From Lawrencetown Beach in eastern Canada, Bondi Beach in Australia, to Senegal and South Africa, surfing is a worldwide sport. While more commonly populated by shaggy young men, women are taking charge and winning on the waves. Marginalized women are also taking their place in the surf with the Black Girls Surf Project, where young black women find the freedom to be who they are from Africa to America. In Bangladesh, young girls have also been lured by the surf and sand in Bangla Surf Girls.
Directed by Elizabeth D. Costa and written and produced by Lalita Krishna, we meet Suma, Shobe and Ayesha, three young girls who live in Cox’s Bazar, a fishing town in Bangladesh with a long beachfront perfect for catching waves. They have all fallen in love with the water and surfing, and are part of a surf club, Bangladesh Surf Girls & Boys Club, run by Rashed, the warm “big brother” who watches over the kids as if they were his own. He instills a moral code of good sportsmanship, dedication and following your dreams. Unfortunately for the girls, that proves to be difficult. With poverty, family obligations and respectability coming into play, escaping their tourist hometown to travel the world becomes harder to imagine.
With gorgeous cinematography and candid conversations, Bangla Surf Girls melts your heart with the passion these girls feel for the sport. They deal with following your dreams and added stigma of being a girl in traditional Bangladeshi society but in a still-developing country, the luxury of a dream can be just as damaging as living without hope. Bringing shame to the family weighs heavily on these girls who break tradition, risking beatings and being shunned for the love of surfing. The reality of juggling responsibilities makes them seem far more mature and world-weary than their teen years, with marriage at an early age or going to work to put food on the table a constant cloud over them. Sobering moments of an angry, overbearing father or an ailing mother and tough decisions that have to be made when it comes to surfing competitions, travelling and surviving are very real, but we also get scenes of elated children remembering what it’s like to play and have fun. It’s this image that we hope conquers all, for at least in the midst of a troubling world, they are daughters of the sea for a moment.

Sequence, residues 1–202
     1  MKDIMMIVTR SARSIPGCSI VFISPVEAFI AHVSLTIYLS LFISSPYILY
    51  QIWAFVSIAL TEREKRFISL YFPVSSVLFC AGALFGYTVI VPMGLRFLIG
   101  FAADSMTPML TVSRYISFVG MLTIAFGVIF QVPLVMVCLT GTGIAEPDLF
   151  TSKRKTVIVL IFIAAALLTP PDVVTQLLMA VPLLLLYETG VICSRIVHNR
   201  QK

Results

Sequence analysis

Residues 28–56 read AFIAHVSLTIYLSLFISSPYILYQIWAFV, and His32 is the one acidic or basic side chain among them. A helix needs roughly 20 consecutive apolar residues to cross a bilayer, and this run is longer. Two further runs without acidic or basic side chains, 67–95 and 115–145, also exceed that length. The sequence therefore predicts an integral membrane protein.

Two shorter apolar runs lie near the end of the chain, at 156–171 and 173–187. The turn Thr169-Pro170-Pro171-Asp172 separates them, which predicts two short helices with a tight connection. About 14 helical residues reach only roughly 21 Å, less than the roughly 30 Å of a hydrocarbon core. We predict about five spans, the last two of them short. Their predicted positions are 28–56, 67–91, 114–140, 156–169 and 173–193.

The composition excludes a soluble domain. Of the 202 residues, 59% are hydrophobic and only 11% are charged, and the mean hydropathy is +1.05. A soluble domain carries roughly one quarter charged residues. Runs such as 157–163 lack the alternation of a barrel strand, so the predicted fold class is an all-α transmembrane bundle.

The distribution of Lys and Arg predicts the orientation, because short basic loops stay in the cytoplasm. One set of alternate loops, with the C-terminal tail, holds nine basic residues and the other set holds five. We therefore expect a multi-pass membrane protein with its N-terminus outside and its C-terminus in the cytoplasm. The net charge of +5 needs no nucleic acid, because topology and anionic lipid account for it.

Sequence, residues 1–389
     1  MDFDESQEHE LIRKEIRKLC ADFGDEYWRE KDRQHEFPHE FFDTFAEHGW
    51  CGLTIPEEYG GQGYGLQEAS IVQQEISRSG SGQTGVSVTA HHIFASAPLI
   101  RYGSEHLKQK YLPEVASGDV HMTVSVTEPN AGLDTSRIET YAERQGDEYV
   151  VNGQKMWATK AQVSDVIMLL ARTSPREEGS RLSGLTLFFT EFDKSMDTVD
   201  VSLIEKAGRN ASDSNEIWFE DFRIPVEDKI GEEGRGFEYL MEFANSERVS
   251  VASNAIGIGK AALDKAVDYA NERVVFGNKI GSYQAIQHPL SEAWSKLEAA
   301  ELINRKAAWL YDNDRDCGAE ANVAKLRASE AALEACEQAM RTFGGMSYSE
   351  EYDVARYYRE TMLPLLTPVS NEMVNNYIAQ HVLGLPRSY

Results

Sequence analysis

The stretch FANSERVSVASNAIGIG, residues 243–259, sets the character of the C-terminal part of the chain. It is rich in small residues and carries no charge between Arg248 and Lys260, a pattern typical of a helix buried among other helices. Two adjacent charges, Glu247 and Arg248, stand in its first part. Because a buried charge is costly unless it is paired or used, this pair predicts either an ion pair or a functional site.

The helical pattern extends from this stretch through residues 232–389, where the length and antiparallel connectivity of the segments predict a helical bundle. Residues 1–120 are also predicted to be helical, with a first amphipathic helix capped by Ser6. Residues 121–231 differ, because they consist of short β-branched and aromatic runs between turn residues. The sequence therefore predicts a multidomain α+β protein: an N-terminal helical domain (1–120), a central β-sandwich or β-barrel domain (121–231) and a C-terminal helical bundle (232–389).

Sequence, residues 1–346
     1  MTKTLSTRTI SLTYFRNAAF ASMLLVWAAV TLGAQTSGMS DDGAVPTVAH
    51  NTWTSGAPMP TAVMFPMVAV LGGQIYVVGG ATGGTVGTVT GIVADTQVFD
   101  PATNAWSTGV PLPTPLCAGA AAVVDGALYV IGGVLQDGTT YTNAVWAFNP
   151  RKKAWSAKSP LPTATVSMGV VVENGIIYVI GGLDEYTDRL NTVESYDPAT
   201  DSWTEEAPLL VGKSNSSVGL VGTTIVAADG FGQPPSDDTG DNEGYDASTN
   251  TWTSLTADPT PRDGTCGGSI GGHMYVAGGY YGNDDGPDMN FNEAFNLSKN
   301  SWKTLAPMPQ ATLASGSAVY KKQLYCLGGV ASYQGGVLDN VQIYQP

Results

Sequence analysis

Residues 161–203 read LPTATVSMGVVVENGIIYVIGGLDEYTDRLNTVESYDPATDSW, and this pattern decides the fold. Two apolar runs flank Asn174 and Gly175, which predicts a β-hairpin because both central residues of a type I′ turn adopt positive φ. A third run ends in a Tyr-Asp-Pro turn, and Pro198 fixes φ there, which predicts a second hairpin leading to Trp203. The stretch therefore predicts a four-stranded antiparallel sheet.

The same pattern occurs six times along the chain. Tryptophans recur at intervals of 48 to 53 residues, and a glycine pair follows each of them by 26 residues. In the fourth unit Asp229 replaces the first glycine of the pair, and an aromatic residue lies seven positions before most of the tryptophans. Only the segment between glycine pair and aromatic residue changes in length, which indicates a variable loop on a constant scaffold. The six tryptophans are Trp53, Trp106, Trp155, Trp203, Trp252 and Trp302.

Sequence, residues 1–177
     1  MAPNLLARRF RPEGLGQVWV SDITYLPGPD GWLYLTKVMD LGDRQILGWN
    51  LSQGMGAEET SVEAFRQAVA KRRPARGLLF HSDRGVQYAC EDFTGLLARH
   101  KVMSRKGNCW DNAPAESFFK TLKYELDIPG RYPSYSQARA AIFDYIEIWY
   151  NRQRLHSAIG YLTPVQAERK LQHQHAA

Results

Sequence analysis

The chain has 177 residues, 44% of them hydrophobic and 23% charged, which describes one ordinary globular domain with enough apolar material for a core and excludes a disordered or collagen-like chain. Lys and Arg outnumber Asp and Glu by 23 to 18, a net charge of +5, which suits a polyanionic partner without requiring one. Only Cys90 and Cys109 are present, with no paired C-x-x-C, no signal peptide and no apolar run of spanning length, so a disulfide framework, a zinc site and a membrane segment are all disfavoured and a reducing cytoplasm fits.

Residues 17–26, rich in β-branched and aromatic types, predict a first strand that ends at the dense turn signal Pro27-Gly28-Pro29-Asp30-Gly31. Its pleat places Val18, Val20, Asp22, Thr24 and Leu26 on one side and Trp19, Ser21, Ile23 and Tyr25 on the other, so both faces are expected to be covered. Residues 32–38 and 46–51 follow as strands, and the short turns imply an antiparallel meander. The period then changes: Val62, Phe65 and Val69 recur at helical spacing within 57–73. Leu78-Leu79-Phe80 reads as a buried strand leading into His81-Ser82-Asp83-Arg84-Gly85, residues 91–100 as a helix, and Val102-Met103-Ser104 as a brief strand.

See Bangla Surf Girls at Hot Docs streaming in Canada from April 29.
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